Kids' minds are blown in a PSA designed to change the idea that jobs are tied to gender.

When you were a kid, what did you want to be when you grew up? A firefighter? A rockstar? What about a veterinarian or a fighter pilot?

While you were dreaming up your future career, did the fact that it typically attracts workers of a certain gender influence you at all? You might be quick to say "no way," but gender stereotypes likely played a part in your development even if you weren't aware of it.

In #RedrawTheBalance, a campaign from Inspiring the Future, a group of kids were asked to draw people in various careers like firefighters or surgeons.


Here's what they drew:

A surgeon.

A fighter pilot.

Notice a trend?

According to several studies, children tend to be more rigid in their gender stereotyping, which may be because they have a more "absolutist sense of rules" than adults do.

Children learn this stereotyping behavior from lots of places — parents, friends, and, of course, the media they consume. Unfortunately, the stereotype that certain jobs are for certain genders still prevails to this day, which is a shame because it means that kids grow up thinking there are certain jobs they can't do because of their gender.

There is good news, however. While young kids are impressionable, that doesn't mean it's too late to correct those impressions — sometimes all it takes is them meeting one person doing one job that doesn't fit a stereotype to change the way they see the world.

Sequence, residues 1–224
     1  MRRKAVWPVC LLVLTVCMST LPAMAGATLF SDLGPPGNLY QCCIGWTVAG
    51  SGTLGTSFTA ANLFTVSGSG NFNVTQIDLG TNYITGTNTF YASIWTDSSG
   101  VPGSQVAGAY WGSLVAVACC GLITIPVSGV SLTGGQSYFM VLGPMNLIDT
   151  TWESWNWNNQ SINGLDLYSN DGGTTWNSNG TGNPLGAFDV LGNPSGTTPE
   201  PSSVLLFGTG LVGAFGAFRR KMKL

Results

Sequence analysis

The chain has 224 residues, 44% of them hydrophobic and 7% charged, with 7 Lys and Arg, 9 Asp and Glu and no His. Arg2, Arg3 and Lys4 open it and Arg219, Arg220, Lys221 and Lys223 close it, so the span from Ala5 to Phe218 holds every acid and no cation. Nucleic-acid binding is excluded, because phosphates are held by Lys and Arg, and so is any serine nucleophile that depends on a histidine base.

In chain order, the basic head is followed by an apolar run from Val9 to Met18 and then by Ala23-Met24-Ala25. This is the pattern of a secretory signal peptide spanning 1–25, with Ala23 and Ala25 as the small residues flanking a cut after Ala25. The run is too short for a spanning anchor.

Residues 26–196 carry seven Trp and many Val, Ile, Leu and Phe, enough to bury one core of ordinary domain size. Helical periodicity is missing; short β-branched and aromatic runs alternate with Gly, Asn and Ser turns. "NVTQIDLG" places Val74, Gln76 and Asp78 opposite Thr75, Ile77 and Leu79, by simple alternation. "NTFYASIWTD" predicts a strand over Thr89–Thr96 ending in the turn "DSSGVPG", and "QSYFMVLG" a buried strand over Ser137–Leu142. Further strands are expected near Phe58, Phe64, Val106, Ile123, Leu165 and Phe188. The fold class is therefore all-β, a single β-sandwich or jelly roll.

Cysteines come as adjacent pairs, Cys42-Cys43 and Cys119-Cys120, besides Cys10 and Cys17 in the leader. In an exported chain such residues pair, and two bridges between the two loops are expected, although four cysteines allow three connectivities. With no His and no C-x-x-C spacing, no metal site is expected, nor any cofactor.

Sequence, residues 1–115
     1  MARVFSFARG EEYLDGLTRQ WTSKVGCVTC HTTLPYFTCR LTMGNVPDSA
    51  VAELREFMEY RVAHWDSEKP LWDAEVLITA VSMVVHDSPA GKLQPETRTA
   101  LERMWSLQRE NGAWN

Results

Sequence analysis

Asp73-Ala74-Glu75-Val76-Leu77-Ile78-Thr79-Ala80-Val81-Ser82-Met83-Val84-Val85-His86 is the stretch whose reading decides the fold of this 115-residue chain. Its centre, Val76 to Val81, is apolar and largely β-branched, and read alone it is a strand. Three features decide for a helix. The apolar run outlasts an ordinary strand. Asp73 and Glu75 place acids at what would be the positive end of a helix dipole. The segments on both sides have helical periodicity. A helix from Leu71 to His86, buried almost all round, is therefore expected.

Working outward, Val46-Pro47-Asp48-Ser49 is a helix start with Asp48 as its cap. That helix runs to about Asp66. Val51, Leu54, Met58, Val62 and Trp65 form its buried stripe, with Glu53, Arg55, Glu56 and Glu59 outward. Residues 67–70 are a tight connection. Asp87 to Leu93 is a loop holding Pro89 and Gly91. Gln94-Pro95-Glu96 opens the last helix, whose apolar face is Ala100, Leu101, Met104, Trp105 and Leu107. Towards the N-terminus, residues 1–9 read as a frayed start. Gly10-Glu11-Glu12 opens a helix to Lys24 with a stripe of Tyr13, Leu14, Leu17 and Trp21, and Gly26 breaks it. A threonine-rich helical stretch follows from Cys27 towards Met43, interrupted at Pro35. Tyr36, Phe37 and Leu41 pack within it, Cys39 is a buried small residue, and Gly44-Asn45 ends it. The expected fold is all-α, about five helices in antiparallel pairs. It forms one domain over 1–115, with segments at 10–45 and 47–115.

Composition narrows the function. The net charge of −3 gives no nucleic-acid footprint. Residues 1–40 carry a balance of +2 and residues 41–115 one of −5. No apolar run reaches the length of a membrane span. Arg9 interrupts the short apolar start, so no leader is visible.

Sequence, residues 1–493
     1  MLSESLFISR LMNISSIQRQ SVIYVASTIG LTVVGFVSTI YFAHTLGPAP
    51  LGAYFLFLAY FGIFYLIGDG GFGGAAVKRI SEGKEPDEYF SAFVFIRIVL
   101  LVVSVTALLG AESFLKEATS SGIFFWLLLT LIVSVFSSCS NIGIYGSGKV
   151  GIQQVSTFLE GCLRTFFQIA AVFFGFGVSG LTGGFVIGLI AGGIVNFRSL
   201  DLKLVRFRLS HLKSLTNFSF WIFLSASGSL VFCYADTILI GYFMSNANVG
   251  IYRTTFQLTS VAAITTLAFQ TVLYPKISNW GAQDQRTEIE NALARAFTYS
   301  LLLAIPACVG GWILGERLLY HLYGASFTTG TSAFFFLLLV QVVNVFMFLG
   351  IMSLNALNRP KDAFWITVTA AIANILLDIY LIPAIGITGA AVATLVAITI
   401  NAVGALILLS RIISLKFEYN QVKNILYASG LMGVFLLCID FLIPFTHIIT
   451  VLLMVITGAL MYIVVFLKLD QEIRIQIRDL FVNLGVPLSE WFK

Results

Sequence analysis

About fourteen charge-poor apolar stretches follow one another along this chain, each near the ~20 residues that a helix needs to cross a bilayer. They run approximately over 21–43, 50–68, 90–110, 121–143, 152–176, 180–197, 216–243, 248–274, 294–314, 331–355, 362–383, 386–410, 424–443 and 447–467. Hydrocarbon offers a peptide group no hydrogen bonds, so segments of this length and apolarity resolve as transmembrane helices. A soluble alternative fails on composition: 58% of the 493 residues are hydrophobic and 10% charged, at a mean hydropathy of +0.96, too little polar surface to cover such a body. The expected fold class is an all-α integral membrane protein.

That's what happened when these kids get their minds blown when people who do the jobs they illustrated walk into the room and they aren't exactly who they expected to see:

SOURCE: iSTOCK

Usually the greatest fear after a wild night of partying isn't what you said that you might regret, but how you'll look in your friends' tagged photos. Although you left the house looking like a 10, those awkward group selfies make you feel more like a 5, prompting you to wonder, "Why do I look different in pictures?"

It's a weird phenomenon that, thanks to selfies, is making people question their own mirrors. Are pictures the "real" you or is it your reflection? Have mirrors been lying to us this whole time??

The answer to that is a bit tricky. The good news is that there's a big chance that Quasimodo-looking creature that stares back at you in your selfies isn't an accurate depiction of the real you. But your mirror isn't completely truthful either.

Below, a scientific breakdown that might explain those embarrassing tagged photos of you:

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